Do I need highspeed tires if I don't drive at high speeds?
I recently purchased a 1999 Toyota Avalon XLS. It's a great car, but the manual requires "H" rated tires. From what I understand, "H" rated tires are for speeds up to 130 mph. I never drive over 75 (OK, maybe 80 sometimes on the highway, when no one is looking). "H" rated tires cost more and are harder to find, especially with a high-mileage warranty. My dealer and tire salesmen says I should use only "H" rated tires. Mechanics tell me "H" rated tires are unnecessary, unless I'm going to Europe, where I might drive at those higher speeds. Bottom line -- what problem would I have if I put "S" (112 mph) or "T" (118 mph) rated tires on my Avalon? -- Wayne
RAY: I don't think you'd have any problem, Wayne. But our lawyer, J. Cheever Loophole, tells us we can't recommend that you do that. Here's why.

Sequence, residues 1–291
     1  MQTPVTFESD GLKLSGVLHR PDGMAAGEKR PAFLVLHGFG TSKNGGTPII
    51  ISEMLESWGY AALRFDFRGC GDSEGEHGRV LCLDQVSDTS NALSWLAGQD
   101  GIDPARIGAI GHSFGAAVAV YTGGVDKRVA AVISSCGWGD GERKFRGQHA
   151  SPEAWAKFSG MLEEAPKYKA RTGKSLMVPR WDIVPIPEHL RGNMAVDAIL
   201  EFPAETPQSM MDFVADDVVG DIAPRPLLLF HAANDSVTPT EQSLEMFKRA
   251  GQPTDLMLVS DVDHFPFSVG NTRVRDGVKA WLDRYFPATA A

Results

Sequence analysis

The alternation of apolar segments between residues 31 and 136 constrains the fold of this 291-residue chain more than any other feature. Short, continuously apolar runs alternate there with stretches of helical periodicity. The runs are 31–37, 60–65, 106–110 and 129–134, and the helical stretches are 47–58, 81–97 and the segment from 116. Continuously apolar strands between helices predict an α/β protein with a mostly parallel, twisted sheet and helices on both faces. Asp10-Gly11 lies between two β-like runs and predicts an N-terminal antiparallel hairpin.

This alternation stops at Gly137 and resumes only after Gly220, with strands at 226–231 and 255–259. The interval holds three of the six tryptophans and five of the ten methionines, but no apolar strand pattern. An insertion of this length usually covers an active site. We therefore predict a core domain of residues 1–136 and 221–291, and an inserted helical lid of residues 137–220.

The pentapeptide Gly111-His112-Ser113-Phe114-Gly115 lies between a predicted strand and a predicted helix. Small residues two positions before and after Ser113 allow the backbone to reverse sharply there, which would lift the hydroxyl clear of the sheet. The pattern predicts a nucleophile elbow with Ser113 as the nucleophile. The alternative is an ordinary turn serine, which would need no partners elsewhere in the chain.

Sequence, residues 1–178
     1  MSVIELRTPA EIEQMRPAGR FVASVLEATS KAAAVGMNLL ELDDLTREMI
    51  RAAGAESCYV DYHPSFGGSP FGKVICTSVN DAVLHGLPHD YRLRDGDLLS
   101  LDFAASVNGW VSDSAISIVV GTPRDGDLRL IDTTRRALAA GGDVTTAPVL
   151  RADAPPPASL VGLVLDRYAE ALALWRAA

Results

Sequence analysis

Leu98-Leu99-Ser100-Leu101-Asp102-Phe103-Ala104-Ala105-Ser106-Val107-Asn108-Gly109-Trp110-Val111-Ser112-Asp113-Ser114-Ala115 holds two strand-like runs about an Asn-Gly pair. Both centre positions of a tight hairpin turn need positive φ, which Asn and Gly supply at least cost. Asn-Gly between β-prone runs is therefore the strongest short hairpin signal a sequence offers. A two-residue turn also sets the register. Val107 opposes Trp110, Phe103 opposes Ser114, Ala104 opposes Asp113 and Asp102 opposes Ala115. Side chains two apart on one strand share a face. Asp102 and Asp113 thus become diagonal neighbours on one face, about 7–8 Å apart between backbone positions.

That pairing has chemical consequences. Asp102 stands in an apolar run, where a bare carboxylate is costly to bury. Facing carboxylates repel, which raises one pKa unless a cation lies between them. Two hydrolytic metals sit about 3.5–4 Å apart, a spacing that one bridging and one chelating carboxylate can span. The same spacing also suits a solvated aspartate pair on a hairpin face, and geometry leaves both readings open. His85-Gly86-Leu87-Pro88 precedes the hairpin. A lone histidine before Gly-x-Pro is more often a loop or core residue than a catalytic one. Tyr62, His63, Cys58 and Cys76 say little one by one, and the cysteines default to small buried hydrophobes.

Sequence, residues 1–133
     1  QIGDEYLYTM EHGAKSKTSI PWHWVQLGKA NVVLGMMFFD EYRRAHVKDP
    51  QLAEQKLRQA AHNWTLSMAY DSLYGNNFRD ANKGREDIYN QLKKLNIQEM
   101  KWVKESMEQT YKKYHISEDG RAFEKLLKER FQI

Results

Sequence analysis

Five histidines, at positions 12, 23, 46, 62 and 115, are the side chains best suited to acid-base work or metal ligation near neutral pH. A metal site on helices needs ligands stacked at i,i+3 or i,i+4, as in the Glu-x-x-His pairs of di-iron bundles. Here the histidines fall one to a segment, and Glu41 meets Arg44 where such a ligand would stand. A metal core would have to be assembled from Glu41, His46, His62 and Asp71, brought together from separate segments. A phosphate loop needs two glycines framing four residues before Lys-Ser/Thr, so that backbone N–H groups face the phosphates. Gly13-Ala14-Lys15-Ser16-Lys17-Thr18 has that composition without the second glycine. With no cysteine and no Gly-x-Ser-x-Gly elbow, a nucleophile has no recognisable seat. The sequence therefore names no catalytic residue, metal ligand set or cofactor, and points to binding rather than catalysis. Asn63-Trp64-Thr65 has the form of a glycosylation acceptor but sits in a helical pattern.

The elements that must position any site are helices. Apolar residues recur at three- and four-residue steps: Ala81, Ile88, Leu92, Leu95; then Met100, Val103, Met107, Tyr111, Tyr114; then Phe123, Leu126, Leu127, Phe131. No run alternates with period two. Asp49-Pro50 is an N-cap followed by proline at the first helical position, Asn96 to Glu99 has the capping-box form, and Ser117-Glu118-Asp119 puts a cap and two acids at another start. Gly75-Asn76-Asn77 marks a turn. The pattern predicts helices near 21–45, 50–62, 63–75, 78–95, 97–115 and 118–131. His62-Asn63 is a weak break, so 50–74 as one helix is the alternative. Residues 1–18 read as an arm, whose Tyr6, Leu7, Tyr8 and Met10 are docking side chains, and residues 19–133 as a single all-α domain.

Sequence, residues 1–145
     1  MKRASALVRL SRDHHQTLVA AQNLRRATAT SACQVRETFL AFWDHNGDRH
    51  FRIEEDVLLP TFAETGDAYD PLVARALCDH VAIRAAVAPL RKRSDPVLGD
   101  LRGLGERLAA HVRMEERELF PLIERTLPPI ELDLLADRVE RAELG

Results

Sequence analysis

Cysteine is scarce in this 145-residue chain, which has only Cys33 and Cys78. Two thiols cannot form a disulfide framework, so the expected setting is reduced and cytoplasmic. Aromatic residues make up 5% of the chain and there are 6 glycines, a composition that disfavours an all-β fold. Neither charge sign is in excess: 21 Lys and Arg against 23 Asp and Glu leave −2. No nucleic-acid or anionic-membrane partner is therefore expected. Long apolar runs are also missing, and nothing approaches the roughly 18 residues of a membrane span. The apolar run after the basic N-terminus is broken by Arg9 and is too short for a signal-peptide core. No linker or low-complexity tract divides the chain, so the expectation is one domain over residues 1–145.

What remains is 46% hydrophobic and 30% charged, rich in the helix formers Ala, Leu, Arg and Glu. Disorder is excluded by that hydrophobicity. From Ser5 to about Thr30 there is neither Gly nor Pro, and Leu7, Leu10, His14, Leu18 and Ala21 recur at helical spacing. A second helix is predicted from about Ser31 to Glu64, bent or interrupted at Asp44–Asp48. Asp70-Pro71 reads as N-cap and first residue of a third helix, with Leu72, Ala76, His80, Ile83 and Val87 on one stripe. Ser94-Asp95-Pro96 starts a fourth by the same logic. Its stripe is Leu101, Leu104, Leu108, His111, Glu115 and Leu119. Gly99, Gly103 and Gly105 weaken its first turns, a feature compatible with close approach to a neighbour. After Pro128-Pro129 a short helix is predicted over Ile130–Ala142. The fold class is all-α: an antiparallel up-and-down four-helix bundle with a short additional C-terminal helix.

TOM: Even though you don't ever plan to drive 120 mph because you're a sane, rational human being, the car is apparently CAPABLE of going that fast. And because it's possible to drive the car that fast, Toyota has to equip it -- and recommend that you equip it -- with tires that will stay intact at that speed.
RAY: So you could, for instance, buy lower-rated tires, and you'd probably be fine as long as you never approached their limits. But if your crazy, lead-footed mother-in-law borrowed your car one day and decided to "see what she could do" on the salt flats, she might never come back.
TOM: And what would be the downside? Ah! The car wouldn't come back, either.
RAY: Well, do what you think is best, Wayne. But we recommend that you stick with the "H" rated tires, to be on the safe side.